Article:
The Trump administration is extending waivers that allow countries signed up to the Iran nuclear deal to participate in civil nuclear projects with Tehran, but it's tightening the terms in an effort to increase pressure on the Iranian regime.
The US will extend waivers that allow the remaining parties to the 2015 deal to conduct research and do non-proliferation work at three sites in Iran without fear of facing sanctions, according to a fact sheet released by the State Department on Friday.
However, the waivers will be reduced from 180 days to 90, and State Department spokesperson Morgan Ortagus said in a statement that "assistance to expand Iran's Bushehr Nuclear Power Plant beyond the existing reactor unit could be sanctionable." Bushehr is one of the three facilities exempted from sanctions along with Arak and Fordow.
The US will also revoke two waivers that allowed Iran to ship its excess heavy water for storage and swap its enriched uranium for natural uranium, according to Ortagus.
"The decisions today enhance our ability to constrain Iran's nuclear program while pursuing maximum economic pressure," Brian Hook, the State Department special representative on Iran, told CNN in an interview Friday.
Behnam Ben Taleblu, a senior fellow at the Foundation for Defense of Democracies, said the administration "should continue take a nuanced view towards each waiver and facility. Keeping or terminating all waivers would have been a mistake."
The waivers will also, for the time being, avoid a clash with allies and partners who remain in the nuclear deal. Had the waivers ended completely, countries such as China, France, Russia, Germany and the UK as well as the EU would have faced the stark choice of either violating the terms of the nuclear deal -- giving Tehran another reason to walk away -- or face US sanctions.
The provisions allowing for civil nuclear cooperation in the deal are meant to reduce the proliferation risks of Tehran's nuclear program.
"We are permitting the temporary continuation of certain ongoing nonproliferation projects that constrain Iran's nuclear activities and that help maintain the nuclear status quo in Iran until we reach a comprehensive deal that resolves Iran's proliferation threats," the State Department fact sheet said.
The waivers allow modifications that ensure that the Arak reactor produces less plutonium, that the underground Fordow nuclear site can continue to be converted into a research facility, and that Iran can still buy the fuel it needs to run the reactor at Bushehr and produce electricity.
The question of nuclear waivers has garnered less attention than the administration's decision to end waivers that allowed countries to import Iranian oil on May 2, but has been the subject of intense debate within the administration and lobbying from outside parties.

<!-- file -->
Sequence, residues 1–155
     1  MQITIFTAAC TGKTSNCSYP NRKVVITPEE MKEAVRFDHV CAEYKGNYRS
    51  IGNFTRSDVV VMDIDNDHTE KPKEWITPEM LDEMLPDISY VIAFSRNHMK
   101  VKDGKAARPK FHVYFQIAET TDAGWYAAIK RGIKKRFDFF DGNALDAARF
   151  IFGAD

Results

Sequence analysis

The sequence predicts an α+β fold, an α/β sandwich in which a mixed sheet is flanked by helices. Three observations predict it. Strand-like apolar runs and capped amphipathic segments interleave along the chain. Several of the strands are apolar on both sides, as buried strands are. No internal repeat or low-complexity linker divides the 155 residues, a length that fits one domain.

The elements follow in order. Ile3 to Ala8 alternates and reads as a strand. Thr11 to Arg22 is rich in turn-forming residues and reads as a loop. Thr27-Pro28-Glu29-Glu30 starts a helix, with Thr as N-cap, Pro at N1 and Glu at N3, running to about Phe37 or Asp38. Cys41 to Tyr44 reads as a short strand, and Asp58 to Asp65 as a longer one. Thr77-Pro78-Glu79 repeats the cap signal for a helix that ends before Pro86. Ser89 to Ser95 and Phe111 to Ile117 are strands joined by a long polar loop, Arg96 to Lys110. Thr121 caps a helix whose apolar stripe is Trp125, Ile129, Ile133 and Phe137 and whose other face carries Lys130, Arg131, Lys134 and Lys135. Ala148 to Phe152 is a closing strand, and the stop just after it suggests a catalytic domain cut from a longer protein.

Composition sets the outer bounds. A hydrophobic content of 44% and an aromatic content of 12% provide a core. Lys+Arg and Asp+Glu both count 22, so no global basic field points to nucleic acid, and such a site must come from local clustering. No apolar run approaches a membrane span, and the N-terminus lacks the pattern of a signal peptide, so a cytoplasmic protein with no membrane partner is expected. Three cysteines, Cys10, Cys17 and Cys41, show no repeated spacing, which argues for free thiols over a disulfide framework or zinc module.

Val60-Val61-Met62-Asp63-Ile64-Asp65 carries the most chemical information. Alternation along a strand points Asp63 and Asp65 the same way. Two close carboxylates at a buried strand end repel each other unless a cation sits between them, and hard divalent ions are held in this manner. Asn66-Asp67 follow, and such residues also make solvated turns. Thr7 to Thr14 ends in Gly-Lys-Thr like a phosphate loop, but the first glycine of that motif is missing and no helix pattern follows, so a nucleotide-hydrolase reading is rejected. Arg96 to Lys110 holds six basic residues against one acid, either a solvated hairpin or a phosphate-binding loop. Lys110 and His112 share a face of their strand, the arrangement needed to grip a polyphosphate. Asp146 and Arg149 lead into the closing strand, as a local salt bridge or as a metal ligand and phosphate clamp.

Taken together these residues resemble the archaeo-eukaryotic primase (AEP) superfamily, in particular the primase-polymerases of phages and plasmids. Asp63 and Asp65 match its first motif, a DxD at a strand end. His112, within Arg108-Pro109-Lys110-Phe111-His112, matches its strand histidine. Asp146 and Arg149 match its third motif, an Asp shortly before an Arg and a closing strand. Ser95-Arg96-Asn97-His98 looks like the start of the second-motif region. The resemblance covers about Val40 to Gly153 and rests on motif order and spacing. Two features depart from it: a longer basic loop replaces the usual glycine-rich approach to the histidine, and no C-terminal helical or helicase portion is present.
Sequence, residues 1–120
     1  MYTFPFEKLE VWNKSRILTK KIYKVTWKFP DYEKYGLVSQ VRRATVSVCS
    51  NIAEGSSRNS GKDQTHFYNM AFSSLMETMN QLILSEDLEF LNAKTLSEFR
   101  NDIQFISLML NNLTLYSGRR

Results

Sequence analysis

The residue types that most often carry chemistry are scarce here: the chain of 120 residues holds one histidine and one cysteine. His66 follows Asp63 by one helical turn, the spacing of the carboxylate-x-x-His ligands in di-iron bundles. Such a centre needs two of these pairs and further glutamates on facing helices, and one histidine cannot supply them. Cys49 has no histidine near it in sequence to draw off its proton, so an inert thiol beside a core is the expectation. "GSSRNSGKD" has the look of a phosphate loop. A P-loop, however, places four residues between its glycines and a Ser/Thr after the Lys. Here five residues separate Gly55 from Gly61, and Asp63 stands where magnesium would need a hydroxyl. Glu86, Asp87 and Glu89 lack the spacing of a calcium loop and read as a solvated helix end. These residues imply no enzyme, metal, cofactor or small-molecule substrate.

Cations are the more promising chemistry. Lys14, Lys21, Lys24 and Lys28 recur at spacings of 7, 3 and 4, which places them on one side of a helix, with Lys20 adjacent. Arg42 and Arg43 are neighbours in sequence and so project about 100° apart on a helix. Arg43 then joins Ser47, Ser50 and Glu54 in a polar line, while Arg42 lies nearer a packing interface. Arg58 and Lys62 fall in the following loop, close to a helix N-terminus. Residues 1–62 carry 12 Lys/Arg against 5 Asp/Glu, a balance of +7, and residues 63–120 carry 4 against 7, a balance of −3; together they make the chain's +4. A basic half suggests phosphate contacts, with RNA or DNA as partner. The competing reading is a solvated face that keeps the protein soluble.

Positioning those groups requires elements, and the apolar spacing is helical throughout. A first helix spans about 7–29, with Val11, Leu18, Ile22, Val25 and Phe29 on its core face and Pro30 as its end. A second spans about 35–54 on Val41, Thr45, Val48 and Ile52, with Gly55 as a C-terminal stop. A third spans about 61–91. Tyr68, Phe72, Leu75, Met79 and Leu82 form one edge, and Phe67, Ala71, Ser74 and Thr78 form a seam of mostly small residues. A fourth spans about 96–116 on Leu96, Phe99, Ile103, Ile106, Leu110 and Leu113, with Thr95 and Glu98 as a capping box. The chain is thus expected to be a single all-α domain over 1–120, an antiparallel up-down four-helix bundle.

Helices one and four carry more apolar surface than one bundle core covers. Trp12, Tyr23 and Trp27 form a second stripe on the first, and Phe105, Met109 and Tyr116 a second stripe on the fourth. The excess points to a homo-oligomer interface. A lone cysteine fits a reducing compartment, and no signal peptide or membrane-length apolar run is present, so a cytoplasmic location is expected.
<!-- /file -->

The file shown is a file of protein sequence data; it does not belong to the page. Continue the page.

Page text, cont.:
Hawkish lawmakers have been pushing for an end to the nuclear waivers, arguing such a move could intensify the administration's "maximum pressure" campaign against Tehran. Within the administration, national security adviser John Bolton has pushed for an end to the waivers, according to an administration official and a source familiar with those discussions, while Secretary of State Mike Pompeo had opposed the move to completely end them, a former administration official told CNN.
The internal administration discussions had also prompted concerns among career State and Treasury Department officials who worried that revoking the waivers could eliminate important safeguards on Iran's nuclear program.
That's the argument arms control groups also make, saying that undermining the nuclear waivers could damage non-proliferation efforts and lead to the collapse of the Iran nuclear agreement.
"Failure to grant the waivers would jeopardize US nonproliferation priorities and increase the risk that he nuclear deal, known as the Joint Comprehensive Plan of Action, will collapse," the Arms Control Association said in a policy briefing on Monday.
The administration has been focused on steadily ratcheting up the economic and diplomatic pressure on Iran over the last year, a campaign that's meant to change Tehran's "behavior" administration officials say. In April, the US took the unprecedented step of designating Iran's Revolutionary Guard Corps as a foreign terrorist organization.
The designation opens the possibility that anyone doing business with the group, which has broad reach in Iran's economy, could face criminal charges for supporting a terrorist group. The move was the first time the US has declared that part a foreign government is a terrorist organization, administration officials said.
CNN's Jeremy Diamond and Zachary Cohen contributed to this report
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